Manas Kumar Thakur was recently elected the president of the Institute of Cost Accountants of India (ICAI). He talks on the role of cost accountants in the economy
GN Bureau | September 9, 2016
Manas Kumar Thakur was recently elected the president of the Institute of Cost Accountants of India (ICAI) – the apex body for cost accountants with around 5 lakh students and 69,000 members – for 2016-17. Thakur talks with Governance Now on the role of cost accountants in the economy.
How can cost accountants contribute to economic growth?
In GDP growth, there must be expenditure analysis. The root cause of the expenditure should be explained properly. No one can ‘develop’ the profit. But there is no control on expenditure. Our function is to do analysis of the cost element properly, so that surplus or profit can be recovered.
Over-estimation or under-estimation of project cost often hampers the viability of large infrastructure projects. What is the way out?
There are resources and cost mapping. When you are projecting the resources, in parallel we develop cost mapping. We consider all the factors in the cost mapping. In this sort of projects, we are already in dialogue with the government before the project starts to figure out what sort of expenditure is in the pipeline. That is the job of the cost accountant. They analyse the expenditure. If the time is increased, with inflation, the overhead cost and the preservation cost also increase.
Cost management plays an important role in achieving competitiveness. In what ways cost accountants may offer their expertise more effectively in this?
They are basically decision-makers. How the cost-effectiveness can be achieved, it will come through us. Sometimes the cost is overlapping. In our course, distribution analysis is the first part. When you are able to detect the analysis part, then the cost can be reduced. The market has changed over the years. If we do not have a proper distribution mechanism then we cannot work on reducing the cost. Our ultimate target is cost control or cost reduction. But everywhere the risk is there. We are developing one report for bank and insurance. What is the cost of risk? The cost factor of the risk should be analysed.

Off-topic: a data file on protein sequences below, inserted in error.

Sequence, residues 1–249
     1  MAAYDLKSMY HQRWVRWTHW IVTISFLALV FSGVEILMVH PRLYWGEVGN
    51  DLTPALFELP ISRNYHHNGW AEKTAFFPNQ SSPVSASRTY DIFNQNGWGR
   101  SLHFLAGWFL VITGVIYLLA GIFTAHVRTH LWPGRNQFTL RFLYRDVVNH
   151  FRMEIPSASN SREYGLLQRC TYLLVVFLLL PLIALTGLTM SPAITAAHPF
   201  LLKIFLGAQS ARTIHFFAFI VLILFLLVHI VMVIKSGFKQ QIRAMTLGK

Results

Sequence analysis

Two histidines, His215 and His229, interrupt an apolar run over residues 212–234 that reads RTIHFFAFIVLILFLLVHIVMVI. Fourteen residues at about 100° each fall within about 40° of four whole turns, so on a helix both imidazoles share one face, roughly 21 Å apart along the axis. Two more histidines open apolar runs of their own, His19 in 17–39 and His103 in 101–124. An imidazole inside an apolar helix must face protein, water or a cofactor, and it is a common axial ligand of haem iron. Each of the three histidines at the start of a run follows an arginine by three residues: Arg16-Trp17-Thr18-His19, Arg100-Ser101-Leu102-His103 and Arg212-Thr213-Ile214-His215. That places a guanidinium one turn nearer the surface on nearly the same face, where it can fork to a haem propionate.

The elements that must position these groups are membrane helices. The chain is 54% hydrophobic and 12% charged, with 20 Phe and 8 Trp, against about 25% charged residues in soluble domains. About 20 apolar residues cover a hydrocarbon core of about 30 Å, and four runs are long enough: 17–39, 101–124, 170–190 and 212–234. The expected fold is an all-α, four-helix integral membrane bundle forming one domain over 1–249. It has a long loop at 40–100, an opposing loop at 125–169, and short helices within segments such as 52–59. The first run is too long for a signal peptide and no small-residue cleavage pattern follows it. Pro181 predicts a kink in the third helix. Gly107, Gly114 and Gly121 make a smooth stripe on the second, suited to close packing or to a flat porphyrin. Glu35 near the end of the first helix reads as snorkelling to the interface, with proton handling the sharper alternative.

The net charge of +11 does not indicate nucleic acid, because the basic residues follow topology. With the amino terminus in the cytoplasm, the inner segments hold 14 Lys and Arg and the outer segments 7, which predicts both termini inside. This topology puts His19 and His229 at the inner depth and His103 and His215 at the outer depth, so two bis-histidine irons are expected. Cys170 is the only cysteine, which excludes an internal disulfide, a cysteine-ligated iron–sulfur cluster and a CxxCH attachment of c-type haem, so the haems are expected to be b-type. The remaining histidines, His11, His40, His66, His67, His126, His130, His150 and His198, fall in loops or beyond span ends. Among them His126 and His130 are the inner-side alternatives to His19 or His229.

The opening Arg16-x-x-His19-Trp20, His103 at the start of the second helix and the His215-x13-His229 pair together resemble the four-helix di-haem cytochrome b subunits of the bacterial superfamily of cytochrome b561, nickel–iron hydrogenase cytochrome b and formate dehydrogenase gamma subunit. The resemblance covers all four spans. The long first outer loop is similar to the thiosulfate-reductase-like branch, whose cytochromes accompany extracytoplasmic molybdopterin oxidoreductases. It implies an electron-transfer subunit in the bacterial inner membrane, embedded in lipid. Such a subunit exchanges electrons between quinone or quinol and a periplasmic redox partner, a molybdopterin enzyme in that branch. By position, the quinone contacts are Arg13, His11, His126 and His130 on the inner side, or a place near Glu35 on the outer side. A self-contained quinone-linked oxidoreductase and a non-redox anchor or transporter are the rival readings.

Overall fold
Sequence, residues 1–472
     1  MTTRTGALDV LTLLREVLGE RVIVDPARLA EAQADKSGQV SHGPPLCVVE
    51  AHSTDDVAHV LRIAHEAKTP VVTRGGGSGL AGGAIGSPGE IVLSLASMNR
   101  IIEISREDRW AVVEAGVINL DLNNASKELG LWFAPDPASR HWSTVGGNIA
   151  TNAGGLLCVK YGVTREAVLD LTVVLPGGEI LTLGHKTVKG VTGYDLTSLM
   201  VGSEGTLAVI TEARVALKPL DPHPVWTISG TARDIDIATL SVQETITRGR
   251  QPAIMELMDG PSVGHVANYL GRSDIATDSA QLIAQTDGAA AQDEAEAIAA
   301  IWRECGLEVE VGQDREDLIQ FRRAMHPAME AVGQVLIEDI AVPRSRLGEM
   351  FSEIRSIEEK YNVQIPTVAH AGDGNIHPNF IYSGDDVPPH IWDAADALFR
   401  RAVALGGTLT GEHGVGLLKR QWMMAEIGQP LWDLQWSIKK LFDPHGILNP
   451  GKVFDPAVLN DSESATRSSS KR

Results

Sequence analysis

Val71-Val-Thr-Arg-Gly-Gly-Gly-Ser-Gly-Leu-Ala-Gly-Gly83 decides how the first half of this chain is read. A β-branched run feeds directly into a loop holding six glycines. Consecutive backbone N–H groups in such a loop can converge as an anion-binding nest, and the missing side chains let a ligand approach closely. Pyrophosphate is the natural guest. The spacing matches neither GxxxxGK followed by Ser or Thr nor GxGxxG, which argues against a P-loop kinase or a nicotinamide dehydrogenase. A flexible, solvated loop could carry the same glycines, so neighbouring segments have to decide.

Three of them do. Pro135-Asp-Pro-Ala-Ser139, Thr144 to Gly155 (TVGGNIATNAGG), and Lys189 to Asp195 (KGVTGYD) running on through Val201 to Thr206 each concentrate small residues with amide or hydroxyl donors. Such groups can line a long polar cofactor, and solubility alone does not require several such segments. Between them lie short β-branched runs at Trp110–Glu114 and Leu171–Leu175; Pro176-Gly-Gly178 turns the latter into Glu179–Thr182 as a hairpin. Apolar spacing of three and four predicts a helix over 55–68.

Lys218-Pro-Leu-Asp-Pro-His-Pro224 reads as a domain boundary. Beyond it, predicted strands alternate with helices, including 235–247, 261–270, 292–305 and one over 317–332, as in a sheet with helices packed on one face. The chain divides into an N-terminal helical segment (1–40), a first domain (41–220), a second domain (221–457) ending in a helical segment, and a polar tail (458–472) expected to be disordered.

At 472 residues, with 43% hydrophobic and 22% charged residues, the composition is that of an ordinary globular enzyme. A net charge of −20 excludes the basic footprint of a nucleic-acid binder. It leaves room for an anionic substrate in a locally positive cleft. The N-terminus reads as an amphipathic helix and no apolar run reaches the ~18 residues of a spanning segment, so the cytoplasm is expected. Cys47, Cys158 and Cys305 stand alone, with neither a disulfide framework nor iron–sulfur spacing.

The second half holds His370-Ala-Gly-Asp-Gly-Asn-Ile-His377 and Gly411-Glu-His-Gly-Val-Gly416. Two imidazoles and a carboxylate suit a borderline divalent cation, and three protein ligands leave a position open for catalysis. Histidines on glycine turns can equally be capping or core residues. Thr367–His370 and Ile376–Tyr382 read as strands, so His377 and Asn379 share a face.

How important is cost efficiency for strategic capability of the economy?
Cost efficiency means productivity or capacity building. Whether it is in manufacturing or service, ultimately your performance will say what your existence is. If cost efficiency is not proper then it will not reflect in the decision-making. Cost efficiency will come through analysis.
What are the opportunities for cost accountants?
Other than income tax, we are present everywhere – like excise, VAT, service tax, corporate governance, GST... Cost audit is done in limited organisations. If we extend our idea we will be able to do proper adjustment of our expenditure. We have to also ensure how MSMEs will develop through this.
What are your plans for the institute?
The main objective would be to enhance the idea of cost mechanism, all over India, wherever it is useful. Cost mechanism is useful everywhere. But it is restricted to only either manufacturing or service sector. It is not very popular in the service sector as well. My plan is to enhance the idea or the subject. This would be my first priority.
Second would be – in the definition of an accountant. In this definition only chartered accountants are counted as accountants in India. The reason is that when the Chartered Accountants Act (1949) was established after independence, there were no members in our fraternity. That is why the government excluded us as accountants.
Whether it is accounting or income tax, whatever be the case, the profit comes only by counting sales minus the cost. If the expenditure is not certified properly, how would you develop the profit? Justification of expenditure is our main job; only then the profit can be certified properly.
And if the profit is certified properly, the government’s revenue will enhance.
Also, we are seeking how to cooperate with the government for policy, capacity building, revenue generation, and governance.
(The interview appears in the September 1-15, 2016 issue of Governance Now)
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